Roof In Bad Shape? Three Ways To Help It Survive The Winter

Ideally, when your roof is in poor shape, you would have it replaced in the fall so you don't have to worry about leaks and further damage when the winter storms roll through. When this is not an option due to budgetary constraints or other circumstances, you might be left "weathering the storm" with a roof that's on its last legs. Here are some ways to help ensure you make it through the winter without major leaks or a cave-in.

Patch up the really bad spots.

Presumably, you'll be replacing the roof in the near future, so there's no need to do a fancy patching job. Simply nailing on an extra layer of shingles over the areas where they are missing or badly decayed is better than nothing. Visit your local home improvement store, and buy some inexpensive, 10-year or 15-year shingles. On a clear day when the roof is dry, climb up there with a bundle of shingles and some roofing nails.

Find areas where the roof looks to be in terrible shape, and simply nail on a sheet of shingles on top of the existing ones. It won't look neat, but it will give you some extra protection through the winter until you can get that roof replaced. Use at least 6 nails along the top and another 6 along the bottom of each shingle sheet to ensure it stays in place.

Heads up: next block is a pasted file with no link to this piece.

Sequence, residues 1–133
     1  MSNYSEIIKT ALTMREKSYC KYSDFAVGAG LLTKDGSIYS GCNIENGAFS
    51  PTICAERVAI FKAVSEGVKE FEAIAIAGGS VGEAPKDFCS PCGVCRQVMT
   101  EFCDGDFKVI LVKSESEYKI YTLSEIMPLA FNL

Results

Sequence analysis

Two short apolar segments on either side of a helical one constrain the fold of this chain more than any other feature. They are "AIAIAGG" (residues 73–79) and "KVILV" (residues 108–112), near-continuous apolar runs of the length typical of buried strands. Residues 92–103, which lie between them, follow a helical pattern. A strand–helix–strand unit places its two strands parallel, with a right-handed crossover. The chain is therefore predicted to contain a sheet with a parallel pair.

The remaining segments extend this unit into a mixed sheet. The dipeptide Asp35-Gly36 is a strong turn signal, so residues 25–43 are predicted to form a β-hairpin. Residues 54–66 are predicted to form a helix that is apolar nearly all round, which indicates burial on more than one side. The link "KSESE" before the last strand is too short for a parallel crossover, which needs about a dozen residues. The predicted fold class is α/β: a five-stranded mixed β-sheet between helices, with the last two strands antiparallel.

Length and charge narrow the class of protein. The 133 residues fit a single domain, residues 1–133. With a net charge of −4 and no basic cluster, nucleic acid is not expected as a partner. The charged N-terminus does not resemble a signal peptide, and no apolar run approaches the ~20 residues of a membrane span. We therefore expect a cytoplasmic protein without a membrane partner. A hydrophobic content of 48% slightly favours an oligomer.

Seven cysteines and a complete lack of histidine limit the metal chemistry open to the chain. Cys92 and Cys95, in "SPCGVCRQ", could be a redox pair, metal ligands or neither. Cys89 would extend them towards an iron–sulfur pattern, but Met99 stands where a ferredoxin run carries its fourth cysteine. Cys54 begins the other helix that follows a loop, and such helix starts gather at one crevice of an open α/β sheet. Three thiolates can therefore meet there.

Get in the habit of snow raking.

Purchase a snow rake, or invest in a longer handle for your garden rake. Whenever snow falls, use the rake to push snow off of your roof. This will accomplish two things. First, it will reduce the load on your roof, which is important if it is in poor shape and at an increased risk of collapsing under heavy snow weight. Second, it will prevent the formation of ice dams from melting snow. Ice dams, which are sheets of ice that form on the edges of a roof, can easily work their way under already ailing shingles and cause leaks.

Up your insulation game.

Invest in a few extra rolls of fiberglass insulation, and add them to your attic. Better insulation will help keep heat from escaping through your roof. This will decrease the heating and cooling cycles that your heat goes through during the winter. Since these cycles lead to increased shingle decay, adding insulation to eliminate them will help ensure your already degraded shingles don't break down any further.

With these three strategies, you stand a better chance of making it through the winter with an ailing roof. Hopefully, by the time spring rolls around, you'll be in a better position to replace the roof entirely.

To learn more, contact a company like R T Weatherproofing & Decking Inc

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